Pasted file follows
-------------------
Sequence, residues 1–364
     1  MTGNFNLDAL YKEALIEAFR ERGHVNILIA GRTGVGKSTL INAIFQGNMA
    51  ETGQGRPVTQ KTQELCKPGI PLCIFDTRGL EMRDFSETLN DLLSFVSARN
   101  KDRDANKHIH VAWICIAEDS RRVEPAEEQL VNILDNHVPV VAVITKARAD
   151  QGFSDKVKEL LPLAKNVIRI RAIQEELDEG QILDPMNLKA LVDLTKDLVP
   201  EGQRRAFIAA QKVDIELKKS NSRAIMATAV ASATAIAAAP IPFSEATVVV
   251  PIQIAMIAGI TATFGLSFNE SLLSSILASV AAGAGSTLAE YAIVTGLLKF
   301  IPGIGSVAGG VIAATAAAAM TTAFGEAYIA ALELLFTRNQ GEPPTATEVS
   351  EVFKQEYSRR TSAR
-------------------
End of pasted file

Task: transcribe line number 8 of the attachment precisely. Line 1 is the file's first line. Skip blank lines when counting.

   301  IPGIGSVAGG VIAATAAAAM TTAFGEAYIA ALELLFTRNQ GEPPTATEVS